Until the 1980s, archaeologists believed — based on prehistoric finds — that the first humans in the Western Hemisphere belonged to the Clovis culture and settled in North America just over 11,000 years ago. The theory was mainly based on machined flint artifacts, tools and weapon blades.
Meanwhile, more and more skeletal and artifact finds indicate that the earliest settlers may have crossed the Beringia land bridge between Siberia and Alaska several thousand years earlier. Currently, most hypotheses assume that a first wave of immigration along the coasts took place no more than 15,000 years ago. Recent studies in Texas, however, now question this assumption.
A team led by Thomas Williams of Texas State University at San Marcos has rigorously studied tools from the Gault site and dated them using the luminescence method. The result contradicts to a large extent recent discoveries: The stone blades uncovered at the archaeological site 65 kilometers north of Austin are 16,000 to 20,000 years old — far older than anything that has been undoubtedly dated to human artefacts so far.
The tools and weapon tips come from a layer below previously uncovered Clovis blades and differ from these also in a striking way, say the scientists. “These projectiles are unique. So far we have not discovered anything like that,” says Williams. “This fact and our age analysis show together that the Gault site goes back to the very beginnings of American colonization.”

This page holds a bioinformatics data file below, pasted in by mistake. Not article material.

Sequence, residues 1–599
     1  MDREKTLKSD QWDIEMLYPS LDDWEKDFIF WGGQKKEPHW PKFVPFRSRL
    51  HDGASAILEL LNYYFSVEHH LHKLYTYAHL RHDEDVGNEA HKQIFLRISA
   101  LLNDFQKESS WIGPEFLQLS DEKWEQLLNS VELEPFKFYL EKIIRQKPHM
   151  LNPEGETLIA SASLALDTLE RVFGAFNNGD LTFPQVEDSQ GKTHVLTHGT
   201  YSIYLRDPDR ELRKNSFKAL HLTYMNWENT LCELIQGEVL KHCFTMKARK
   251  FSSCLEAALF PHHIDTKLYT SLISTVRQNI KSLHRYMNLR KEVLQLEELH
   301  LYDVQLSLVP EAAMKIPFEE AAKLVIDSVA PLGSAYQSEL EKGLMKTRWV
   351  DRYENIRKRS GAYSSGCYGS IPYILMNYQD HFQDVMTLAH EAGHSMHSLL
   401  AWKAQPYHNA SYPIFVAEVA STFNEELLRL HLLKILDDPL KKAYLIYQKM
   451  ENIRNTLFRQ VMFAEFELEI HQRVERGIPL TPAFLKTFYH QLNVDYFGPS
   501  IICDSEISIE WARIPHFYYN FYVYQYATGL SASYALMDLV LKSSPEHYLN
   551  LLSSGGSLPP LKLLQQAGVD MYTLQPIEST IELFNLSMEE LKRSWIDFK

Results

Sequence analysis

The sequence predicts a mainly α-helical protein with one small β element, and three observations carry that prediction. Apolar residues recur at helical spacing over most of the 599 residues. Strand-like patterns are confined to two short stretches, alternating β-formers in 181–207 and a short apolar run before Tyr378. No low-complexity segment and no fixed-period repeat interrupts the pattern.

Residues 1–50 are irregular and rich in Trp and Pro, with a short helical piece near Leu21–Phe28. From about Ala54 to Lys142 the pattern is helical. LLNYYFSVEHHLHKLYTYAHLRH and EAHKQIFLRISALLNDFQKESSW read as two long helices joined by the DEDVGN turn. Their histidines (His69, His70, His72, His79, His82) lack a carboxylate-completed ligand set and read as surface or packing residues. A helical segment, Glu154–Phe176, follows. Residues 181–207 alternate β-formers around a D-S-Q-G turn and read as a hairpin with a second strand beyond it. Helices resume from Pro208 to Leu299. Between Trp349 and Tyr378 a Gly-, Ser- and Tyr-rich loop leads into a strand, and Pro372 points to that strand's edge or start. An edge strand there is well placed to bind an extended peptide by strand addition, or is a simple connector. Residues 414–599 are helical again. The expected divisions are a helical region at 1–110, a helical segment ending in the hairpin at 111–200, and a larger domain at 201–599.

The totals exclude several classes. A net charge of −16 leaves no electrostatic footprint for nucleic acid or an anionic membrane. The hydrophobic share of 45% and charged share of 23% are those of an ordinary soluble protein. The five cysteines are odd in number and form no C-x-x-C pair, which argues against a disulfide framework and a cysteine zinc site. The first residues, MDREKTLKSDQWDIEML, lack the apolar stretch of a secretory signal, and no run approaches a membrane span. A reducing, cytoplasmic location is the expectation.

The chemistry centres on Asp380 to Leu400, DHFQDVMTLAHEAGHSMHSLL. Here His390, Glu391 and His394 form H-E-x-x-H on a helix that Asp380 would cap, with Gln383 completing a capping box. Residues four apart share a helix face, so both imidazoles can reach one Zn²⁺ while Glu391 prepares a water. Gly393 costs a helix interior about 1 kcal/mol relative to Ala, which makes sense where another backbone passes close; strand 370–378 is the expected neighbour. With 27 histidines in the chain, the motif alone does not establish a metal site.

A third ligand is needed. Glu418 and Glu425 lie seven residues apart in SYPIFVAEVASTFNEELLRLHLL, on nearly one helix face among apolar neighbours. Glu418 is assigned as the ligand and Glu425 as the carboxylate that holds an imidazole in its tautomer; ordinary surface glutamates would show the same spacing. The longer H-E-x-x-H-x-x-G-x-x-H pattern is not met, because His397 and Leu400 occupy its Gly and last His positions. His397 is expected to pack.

It is not unlikely that the inhabitants had good living conditions right from the beginning, according to the researchers: the area comprises a valley and, connected to it, broad plains. Some springs have provided a stable water supply for humans and animals and rich flint deposits were used by the people for tool and weapons production. The proven Clovis remains prove the area’s attractiveness at the time.
According to the study published in the journal “Science Advances”, the distinctly different blades discovered in deeper layers suggest that humans conquered America at least 2,500 years earlier than expected. And they prove the presence of a hitherto unknown culture in this area – long before the Clovis people gained a foothold here.